Women More Likely to Be Victims of Heart Attack Misdiagnosis

 

heart-1767552_1280-300x169Women are approximately 50% more likely to be wrongly misdiagnosed after a heart attack, a dangerous trend that places their lives at severe risk.

According to a new study, which focused on patients admitted to NHS hospitals in Britain, as many as 3 in 10 female patients have an initial diagnosis that is different from the final diagnosis.

There are two different types of heart attack: A Stemi attack involves a complete blockage of the coronary artery that is responsible for supplying blood to the heart muscle. However, the NStemi type of heart attack involves a partial blockage of one or more arteries. The NStemi type is more common, although both of these types of heart attacks can result in significant harm to the cardiac muscle.

In the study, the researchers found that women who were finally diagnosed with a Stemi heart attack had a 59% higher likelihood of an early misdiagnosis, compared to male patients. On the other hand, women who were finally diagnosed with an NStemi type of heart attack had a 41% higher likelihood of an early misdiagnosis.

The findings of the study seem to stress the great risk to women from a heart attack misdiagnosis and the need to enhance testing techniques in order to make sure that women have access to more accurate diagnoses of heart attacks. Failure to enhance diagnosis and screening processes could have long-term harmful effects of women, because the longer the delay in diagnosis and treatment, the greater the impact on the long-term health of the woman. Cardiac muscles can suffer irreparable damage when treatment doesn’t begin in time.

The researchers hasten to mention that although the current scenario is disturbing, there are better screening tests in the pipeline. In the future, a female heart attack diagnosis may be markedly more accurate than they are now. For instance, when different criteria were applied to a test that is routinely used to screen a person for heart attack, women were much more likely to correctly be diagnosed as having a heart attack.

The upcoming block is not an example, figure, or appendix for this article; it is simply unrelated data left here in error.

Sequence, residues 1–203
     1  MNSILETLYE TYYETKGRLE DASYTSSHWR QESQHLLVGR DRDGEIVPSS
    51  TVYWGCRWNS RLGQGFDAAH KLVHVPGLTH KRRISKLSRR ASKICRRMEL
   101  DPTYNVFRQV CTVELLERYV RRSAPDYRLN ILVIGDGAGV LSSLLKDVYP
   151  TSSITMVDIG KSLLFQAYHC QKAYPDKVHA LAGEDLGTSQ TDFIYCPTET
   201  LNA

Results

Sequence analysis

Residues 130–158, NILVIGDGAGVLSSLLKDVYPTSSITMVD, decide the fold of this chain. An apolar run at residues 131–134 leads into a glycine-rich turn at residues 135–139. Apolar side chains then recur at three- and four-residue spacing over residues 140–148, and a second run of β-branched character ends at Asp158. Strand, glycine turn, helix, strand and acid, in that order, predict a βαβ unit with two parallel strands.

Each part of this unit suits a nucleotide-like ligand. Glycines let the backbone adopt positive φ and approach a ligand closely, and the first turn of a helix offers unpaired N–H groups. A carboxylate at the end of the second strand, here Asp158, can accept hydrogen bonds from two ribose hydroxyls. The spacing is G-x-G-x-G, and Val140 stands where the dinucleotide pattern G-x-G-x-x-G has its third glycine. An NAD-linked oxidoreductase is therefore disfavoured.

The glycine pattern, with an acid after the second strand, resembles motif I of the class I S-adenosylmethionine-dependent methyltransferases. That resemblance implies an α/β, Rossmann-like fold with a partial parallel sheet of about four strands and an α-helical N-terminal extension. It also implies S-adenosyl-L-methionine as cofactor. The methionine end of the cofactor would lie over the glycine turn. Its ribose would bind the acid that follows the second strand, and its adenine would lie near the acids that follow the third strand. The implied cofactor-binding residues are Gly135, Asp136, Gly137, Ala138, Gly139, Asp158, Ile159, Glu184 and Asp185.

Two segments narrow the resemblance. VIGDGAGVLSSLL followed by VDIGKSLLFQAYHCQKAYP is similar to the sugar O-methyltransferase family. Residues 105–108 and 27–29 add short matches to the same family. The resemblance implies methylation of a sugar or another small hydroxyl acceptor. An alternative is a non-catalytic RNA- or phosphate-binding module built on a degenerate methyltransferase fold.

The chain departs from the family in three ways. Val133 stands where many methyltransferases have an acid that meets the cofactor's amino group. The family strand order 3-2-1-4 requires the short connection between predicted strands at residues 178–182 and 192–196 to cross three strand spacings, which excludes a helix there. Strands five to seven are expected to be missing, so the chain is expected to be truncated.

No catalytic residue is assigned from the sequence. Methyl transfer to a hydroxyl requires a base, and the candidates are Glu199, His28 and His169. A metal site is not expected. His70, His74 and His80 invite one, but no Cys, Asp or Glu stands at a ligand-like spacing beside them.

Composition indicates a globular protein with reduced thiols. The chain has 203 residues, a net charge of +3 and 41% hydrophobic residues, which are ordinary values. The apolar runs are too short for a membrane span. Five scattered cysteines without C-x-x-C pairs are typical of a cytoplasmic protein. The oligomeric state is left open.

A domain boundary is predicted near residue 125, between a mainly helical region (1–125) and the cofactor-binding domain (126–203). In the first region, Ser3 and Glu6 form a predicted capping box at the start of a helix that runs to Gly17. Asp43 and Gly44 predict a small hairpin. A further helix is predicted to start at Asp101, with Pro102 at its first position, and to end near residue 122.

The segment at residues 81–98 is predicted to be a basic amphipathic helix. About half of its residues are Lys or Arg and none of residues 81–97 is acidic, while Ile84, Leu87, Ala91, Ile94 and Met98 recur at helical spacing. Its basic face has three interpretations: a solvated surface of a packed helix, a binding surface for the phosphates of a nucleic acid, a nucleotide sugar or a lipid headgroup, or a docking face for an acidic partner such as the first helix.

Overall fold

Heart disease is a major killer of women, killing as many as 289,000 women in 2013 alone. According to the Centers For Disease Control And Prevention (CDC), approximately one in every four female fatalities in the United States is linked to heart attack or heart disease. In most women, a heart attack is the first sign that something is wrong with their cardiac health. When a heart attack is misdiagnosed, or when a diagnosis is not completed in time, the woman cannot get life-saving treatment.

If your loved one has suffered a medical injury that you believe is the result of a late diagnosis or a wrong diagnosis, speak with an Indiana medical malpractice attorney at Montross Miller Muller Mendelson & Kennedy, LLP, and discuss your legal chances of a claim. Call us for a free consultation.